Ironically, Basciano initially was fond of Pizzolo and had even proposed him for membership. Then he must have realized his assessment of Pizzolo had been incorrect. Still, it seems he gave the man opportunities to change his ways. When Pizzolo shot someone outside Caffe on the Green in Queens, Basciano decided to give him a second chance.

(I remember the Caffe on the Green shooting. I lived in Bayside at the time, and there was a lot of buzz about the incident, which was in all the newspapers too. Only just now, while researching this, did I learn Randy Pizzolo had been the shooter...)

Eventually, Basciano reached his limit. One of the last straws is believed to have been when Pizzolo, while idling time in another Queens eatery, began drunkenly boasting aloud that he was the only real killer in the Bonanno crime family.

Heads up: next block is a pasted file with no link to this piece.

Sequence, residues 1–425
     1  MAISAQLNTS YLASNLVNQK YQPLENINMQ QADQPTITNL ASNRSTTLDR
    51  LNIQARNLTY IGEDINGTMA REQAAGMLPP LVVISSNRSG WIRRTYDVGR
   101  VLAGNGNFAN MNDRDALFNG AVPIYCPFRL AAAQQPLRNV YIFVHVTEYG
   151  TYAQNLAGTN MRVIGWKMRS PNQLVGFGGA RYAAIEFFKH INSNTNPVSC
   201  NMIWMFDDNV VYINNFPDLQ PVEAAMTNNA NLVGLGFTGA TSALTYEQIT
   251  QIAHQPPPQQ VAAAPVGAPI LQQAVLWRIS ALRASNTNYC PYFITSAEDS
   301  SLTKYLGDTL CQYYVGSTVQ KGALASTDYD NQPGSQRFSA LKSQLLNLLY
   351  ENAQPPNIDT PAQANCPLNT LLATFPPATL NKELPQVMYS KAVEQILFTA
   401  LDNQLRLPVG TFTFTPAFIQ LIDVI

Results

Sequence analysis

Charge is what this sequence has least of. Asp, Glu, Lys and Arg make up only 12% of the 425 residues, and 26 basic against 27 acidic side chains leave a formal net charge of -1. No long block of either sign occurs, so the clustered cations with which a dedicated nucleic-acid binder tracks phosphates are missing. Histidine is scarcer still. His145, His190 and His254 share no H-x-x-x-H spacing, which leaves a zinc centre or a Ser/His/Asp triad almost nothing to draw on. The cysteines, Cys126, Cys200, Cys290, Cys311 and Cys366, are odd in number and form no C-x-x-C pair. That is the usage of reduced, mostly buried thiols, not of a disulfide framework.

Michael Nose was named official boss of the Bonannos

Mancuso was allegedly crowned to the top slot in 2012-2013 while behind bars serving this sentence.

"Mancuso’s the boss and he’s running the family from jail,” a law enforcement source said at the time. 

Mancuso may have tried to stretch his muscles as Bonanno boss from behind bars by ordering the beating of a Luchese associate, something that helped make him an early suspect in the 2013 murder of Luchese associate Michael Meldish. Michael Nose allegedly ordered the beating because Meldish  had refused to cease a relationship with a former girlfriend of Mancuso's.

What must've really humiliated Meldish, though, was that he would've remembered when he was the boss of Mancuso when the two of them were members of New York's notorious Purple Gang.

The Color Purple